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The single most important tip for climbing ranks in Marvel Snap

You gotta know when to hold ’em, know when to fold ’em…

A photo of a game of Marvel Snap, featuring the locations Savage Land, Lechuguilla, and Monster Metropolis, and various cards, on an iPhone. Image: Second Dinner/Nuverse

You’re a Marvel Snap player, hoping to grind your way toward the top of the rankings before the season ends. What’s the key to cube success?

It’s not following the meta, it’s not buying the season pass (although the two most recently released cards have been ridiculously strong), and it’s not playing each turn perfectly (but that doesn’t hurt!).

It’s knowing when to retreat.

When should you retreat in Marvel Snap?

A photo of the Devil Dinosaur card in Marvel Snap on an iPhone Image: Second Dinner/Nuverse

The hard truth: Your goal as a good Marvel Snap player climbing the ranks is not to win every game. That’s simply not possible. The game has inherent randomness to it, especially in the order you draw your cards. Your real goal is to win as many cubes as possible with each win, and lose only one cube with each loss. If you are able to achieve that, you will climb. That’s just math, folks!

Sometimes, you will not get the cards you need to win. It is a real shame, and I feel for you personally, dear reader. The key to overcoming this obstacle is identifying those cards, identifying those instances, and moving on. You have to accept you are going to lose sometimes. That means you need to pay close attention to when your opponent snaps.

When should you snap in Marvel Snap?

If your opponent snaps, it probably means they have the cards they think they need to win — do you? Because if you don’t, that’s your cue to retreat. You can and should absolutely stick around to see if you get the cards you need if there’s only one cube at stake — but as soon as your opponent doubles the wager, the time for “maybe I’ll get this card!” is over (unless you’re just really good at the game, and then you probably aren’t reading this anyway).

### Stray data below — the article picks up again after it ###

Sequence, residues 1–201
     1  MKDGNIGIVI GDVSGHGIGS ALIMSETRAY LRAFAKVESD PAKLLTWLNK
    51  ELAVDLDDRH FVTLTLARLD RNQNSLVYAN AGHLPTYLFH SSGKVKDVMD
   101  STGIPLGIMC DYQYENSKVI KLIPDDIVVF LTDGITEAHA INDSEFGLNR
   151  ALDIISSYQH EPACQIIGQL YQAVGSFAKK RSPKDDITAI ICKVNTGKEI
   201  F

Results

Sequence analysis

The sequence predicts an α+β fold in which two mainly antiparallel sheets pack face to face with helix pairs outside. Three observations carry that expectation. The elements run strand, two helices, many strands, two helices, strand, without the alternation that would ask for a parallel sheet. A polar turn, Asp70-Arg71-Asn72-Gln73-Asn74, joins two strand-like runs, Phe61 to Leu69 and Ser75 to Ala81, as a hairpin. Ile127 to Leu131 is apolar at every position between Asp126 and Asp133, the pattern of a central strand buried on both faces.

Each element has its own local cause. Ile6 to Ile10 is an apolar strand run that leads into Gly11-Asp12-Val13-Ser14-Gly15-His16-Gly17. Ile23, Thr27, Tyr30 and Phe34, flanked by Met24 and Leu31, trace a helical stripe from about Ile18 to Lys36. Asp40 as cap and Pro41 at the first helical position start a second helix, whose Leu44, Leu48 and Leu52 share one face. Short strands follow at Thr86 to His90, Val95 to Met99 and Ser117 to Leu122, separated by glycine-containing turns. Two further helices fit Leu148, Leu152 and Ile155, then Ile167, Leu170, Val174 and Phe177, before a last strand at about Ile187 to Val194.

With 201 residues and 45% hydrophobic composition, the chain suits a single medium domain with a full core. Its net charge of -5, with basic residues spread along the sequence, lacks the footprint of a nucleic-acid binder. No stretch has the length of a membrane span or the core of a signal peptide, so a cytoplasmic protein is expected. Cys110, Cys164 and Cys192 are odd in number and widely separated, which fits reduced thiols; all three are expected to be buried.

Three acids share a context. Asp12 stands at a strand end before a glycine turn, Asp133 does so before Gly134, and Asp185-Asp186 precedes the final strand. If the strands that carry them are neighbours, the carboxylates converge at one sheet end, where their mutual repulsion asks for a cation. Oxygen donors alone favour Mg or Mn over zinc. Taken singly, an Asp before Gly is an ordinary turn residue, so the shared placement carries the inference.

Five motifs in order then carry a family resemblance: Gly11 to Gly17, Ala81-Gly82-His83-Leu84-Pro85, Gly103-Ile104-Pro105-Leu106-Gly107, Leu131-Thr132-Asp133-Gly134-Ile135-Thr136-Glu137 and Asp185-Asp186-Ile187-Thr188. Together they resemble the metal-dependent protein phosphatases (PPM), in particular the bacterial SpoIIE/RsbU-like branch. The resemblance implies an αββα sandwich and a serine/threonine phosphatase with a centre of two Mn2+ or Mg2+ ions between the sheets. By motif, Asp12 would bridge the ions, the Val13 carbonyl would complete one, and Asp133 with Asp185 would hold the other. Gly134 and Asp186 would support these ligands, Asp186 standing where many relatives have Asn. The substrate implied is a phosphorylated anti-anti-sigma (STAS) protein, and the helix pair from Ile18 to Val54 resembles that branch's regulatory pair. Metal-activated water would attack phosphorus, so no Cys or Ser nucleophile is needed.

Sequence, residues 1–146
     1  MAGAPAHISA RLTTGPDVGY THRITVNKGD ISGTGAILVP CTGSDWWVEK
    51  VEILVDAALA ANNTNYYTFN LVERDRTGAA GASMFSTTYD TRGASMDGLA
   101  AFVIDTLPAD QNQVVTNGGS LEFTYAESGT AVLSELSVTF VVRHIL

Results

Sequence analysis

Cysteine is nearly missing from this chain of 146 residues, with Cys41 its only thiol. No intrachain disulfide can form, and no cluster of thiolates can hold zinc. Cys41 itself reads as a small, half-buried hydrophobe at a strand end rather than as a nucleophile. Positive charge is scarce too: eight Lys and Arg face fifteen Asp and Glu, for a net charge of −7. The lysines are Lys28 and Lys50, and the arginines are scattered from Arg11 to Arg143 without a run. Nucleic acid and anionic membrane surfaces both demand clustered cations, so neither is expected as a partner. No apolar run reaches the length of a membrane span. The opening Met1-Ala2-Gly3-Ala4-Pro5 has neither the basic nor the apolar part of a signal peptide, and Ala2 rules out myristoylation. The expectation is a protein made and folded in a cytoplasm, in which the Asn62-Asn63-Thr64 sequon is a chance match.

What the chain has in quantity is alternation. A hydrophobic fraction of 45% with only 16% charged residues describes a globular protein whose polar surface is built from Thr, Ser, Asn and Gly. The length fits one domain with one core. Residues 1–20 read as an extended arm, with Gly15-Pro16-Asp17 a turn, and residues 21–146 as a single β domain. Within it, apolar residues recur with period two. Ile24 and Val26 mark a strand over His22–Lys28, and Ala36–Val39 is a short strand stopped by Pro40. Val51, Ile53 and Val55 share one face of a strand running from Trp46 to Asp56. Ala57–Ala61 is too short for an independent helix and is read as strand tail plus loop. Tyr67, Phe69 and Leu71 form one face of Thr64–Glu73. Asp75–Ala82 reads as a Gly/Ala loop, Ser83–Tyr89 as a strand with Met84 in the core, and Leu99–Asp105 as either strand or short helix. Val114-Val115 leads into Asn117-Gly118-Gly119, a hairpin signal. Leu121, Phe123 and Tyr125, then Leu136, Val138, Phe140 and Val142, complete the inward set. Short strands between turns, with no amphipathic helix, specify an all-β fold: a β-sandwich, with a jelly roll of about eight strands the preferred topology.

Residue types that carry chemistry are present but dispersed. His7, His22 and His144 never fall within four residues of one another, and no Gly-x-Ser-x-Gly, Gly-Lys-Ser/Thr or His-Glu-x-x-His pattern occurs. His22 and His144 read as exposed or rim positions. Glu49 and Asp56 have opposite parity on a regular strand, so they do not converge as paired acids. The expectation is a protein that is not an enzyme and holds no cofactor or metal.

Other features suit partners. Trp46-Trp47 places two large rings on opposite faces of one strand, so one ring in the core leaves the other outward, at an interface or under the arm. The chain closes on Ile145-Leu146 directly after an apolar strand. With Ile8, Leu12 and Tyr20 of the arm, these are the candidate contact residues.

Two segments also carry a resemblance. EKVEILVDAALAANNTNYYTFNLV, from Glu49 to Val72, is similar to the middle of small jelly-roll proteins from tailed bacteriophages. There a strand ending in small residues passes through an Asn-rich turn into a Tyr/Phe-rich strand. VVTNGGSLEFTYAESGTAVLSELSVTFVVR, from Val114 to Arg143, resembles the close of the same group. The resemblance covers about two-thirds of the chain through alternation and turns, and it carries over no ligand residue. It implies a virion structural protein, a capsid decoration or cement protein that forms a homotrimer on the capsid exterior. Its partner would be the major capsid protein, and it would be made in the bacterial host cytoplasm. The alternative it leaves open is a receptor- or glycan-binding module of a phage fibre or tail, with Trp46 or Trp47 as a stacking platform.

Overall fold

This thought was spurred by the simplicity in climbing with a Zabu deck last season. Zabu, the previous season pass card, is a three-cost card that reduces the cost of all of your four-costs by two. If you draw Zabu on turn three, this means you can play as many as seven four-cost cards between turns four and six, as opposed to the three you could play without Zabu.

Because of how strong the card is, the snapping decision for a Zabu deck is extremely simple. If I draw Zabu by turn three, I’m snapping. If I don’t, I’m assessing where the advantage lies — and if the opponent snaps, I’m absolutely leaving.

A photo of the Onslaught card in Marvel Snap on an iPhone Photo: Polygon

For a non-season pass example, in a Patriot deck, your key cards are often Patriot, Mystique, and Ultron. If I draw all three of those in my opening hand, I’m snapping instantly (or if I get all three by turn three). Hell, if I get two of them, I’m probably snapping. If I don’t get them, I leave when my opponent snaps (unless there is a very compelling reason on the board to stay).

In a Silver Surfer deck, Silver Surfer, Sera, and Brood are often your key cards. In discard decks, it’s often Hela. In Devil Dino decks, it’s usually Devil Dino and Moon Girl. You get the idea!

Think about your decks and which cards or combinations you need to reliably achieve victory. When you get them, snap. When you don’t, and your opponent snaps, get the hell out of there.

That’s what I’m here to preach: Embrace the one-cube loss. It never feels great, but if you’re consistently winning two, four, or eight cubes and only losing one, you are going to climb the ladder in no time.

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